The African Bird’s Eye chilli is a popular variety amongst commercial farmers. The chilli variety requires minimal farm inputs, increasing cost to production ratio. In addition, the pepper has long production years that range between 2 to 3 years before the plant’s eventual death.
The African’s Birds Eye has a hotness that clocks within 165000 – 190000 SHU units. Its production ranges between 600 and 1000 grammes per plant annually. The market for Piri Piri is mainly in the Netherlands and China.
Jalapeno is a common chilli variety and one of the most popular. The chilli’s popularity is due to its mild hotness, which ranges between 2500 and 8000 SHU. In addition, experts advise that the chillies contain high amounts of vitamins C and A, adding to their value in the body.
Habanero chilli is a hot variety that turns from green to red, orange, brown, or yellow when ripe. It has about 100000 to 350000 SHU, making it a popular ingredient in hot sauces. Most growers love it because it can produce fruits for many years when mature.
If you want to order chillies in bulk, contact FrutPlanet now to request a quote. We have access to numerous chilli varieties, including those mentioned earlier and more. Our chillies are organically grown, and below is how we farm them.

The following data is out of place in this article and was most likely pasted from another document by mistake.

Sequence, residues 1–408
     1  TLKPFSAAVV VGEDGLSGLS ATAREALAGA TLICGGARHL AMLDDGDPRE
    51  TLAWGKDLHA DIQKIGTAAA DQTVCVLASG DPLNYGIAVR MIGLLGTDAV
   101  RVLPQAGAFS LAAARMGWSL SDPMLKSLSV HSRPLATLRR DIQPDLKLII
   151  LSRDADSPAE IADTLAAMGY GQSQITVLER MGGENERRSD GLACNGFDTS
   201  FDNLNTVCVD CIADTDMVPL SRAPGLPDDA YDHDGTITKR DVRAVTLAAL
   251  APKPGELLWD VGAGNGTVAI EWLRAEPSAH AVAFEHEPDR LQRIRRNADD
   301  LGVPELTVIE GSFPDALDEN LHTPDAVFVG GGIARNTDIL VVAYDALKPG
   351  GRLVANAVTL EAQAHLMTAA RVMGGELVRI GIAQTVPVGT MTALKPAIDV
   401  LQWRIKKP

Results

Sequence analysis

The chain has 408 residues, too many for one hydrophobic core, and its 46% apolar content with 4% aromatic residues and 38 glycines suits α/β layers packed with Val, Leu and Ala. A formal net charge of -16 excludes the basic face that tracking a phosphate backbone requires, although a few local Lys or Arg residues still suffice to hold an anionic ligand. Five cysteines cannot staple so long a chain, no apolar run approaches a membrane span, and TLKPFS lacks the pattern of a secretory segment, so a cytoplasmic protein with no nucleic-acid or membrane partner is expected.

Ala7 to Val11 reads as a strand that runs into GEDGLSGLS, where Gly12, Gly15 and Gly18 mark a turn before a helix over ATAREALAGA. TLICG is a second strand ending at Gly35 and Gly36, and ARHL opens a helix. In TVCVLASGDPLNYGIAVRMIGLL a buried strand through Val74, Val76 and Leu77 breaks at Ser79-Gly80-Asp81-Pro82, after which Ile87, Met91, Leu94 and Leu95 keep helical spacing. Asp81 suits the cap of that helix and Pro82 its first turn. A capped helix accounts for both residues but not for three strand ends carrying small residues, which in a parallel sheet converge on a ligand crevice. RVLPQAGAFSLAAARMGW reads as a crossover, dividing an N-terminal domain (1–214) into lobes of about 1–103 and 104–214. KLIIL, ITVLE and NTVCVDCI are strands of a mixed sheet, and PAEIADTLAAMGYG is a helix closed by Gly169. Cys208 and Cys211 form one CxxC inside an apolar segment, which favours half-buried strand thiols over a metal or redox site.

Chilli Farming: Ecological Requirements for Chilli Farming
Despite chilli farming becoming one of the hottest crops for farmers right now, the crop has some strict ecological requirements. Some of these requirements include:
Altitude and Temperature
Chilli farming thrives in areas that are 1200m above sea level. However, the ideal altitude for chilli growing is 1500m. These are tropical or subtropical regions that are often humid but warm enough. But which temperature is warm enough?
The optimal temperature for chilli growth and maturity should be 20 – 30 degrees. The night temperatures should not exceed 16 degrees Celsius; otherwise, the plant will bear small fruits. In earlier stages of the fruit’s development, low humidity or too high temperatures burn out buds and flowers. As a result, lowers your yields.